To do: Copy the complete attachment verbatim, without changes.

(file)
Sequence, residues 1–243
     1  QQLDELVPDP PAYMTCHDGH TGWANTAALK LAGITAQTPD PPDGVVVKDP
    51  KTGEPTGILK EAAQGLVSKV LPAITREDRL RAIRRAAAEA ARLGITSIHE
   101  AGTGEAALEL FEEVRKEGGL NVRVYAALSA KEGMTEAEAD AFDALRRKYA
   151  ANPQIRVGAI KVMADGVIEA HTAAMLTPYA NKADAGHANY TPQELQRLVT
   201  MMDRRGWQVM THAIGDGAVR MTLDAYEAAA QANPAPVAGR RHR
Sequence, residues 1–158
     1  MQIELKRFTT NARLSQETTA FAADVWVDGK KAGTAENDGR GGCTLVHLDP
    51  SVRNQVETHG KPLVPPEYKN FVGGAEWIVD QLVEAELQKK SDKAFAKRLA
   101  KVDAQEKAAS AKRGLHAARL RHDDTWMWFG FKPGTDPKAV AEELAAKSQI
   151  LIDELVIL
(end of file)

Sequence, residues 1–243
     1  QQLDELVPDP PAYMTCHDGH TGWANTAALK LAGITAQTPD PPDGVVVKDP
    51  KTGEPTGILK EAAQGLVSKV LPAITREDRL RAIRRAAAEA ARLGITSIHE
   101  AGTGEAALEL FEEVRKEGGL NVRVYAALSA KEGMTEAEAD AFDALRRKYA
   151  ANPQIRVGAI KVMADGVIEA HTAAMLTPYA NKADAGHANY TPQELQRLVT
   201  MMDRRGWQVM THAIGDGAVR MTLDAYEAAA QANPAPVAGR RHR
Sequence, residues 1–158
     1  MQIELKRFTT NARLSQETTA FAADVWVDGK KAGTAENDGR GGCTLVHLDP
    51  SVRNQVETHG KPLVPPEYKN FVGGAEWIVD QLVEAELQKK SDKAFAKRLA
   101  KVDAQEKAAS AKRGLHAARL RHDDTWMWFG FKPGTDPKAV AEELAAKSQI
   151  LIDELVIL